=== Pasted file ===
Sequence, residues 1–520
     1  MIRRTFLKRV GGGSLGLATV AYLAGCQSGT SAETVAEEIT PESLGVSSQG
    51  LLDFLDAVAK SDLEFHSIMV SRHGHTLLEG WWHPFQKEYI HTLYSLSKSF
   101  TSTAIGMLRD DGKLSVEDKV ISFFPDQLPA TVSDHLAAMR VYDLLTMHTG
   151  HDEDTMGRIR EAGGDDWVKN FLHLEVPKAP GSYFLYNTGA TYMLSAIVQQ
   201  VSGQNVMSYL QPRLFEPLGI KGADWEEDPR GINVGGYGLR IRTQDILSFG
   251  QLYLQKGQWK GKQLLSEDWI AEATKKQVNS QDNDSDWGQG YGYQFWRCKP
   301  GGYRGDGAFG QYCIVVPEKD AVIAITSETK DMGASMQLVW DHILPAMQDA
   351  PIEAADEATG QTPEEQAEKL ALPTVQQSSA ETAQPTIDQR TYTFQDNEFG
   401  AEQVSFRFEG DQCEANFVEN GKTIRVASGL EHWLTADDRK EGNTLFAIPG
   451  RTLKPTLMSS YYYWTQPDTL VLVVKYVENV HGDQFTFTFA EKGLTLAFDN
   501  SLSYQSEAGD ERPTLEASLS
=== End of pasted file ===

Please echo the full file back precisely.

Sequence, residues 1–520
     1  MIRRTFLKRV GGGSLGLATV AYLAGCQSGT SAETVAEEIT PESLGVSSQG
    51  LLDFLDAVAK SDLEFHSIMV SRHGHTLLEG WWHPFQKEYI HTLYSLSKSF
   101  TSTAIGMLRD DGKLSVEDKV ISFFPDQLPA TVSDHLAAMR VYDLLTMHTG
   151  HDEDTMGRIR EAGGDDWVKN FLHLEVPKAP GSYFLYNTGA TYMLSAIVQQ
   201  VSGQNVMSYL QPRLFEPLGI KGADWEEDPR GINVGGYGLR IRTQDILSFG
   251  QLYLQKGQWK GKQLLSEDWI AEATKKQVNS QDNDSDWGQG YGYQFWRCKP
   301  GGYRGDGAFG QYCIVVPEKD AVIAITSETK DMGASMQLVW DHILPAMQDA
   351  PIEAADEATG QTPEEQAEKL ALPTVQQSSA ETAQPTIDQR TYTFQDNEFG
   401  AEQVSFRFEG DQCEANFVEN GKTIRVASGL EHWLTADDRK EGNTLFAIPG
   451  RTLKPTLMSS YYYWTQPDTL VLVVKYVENV HGDQFTFTFA EKGLTLAFDN
   501  SLSYQSEAGD ERPTLEASLS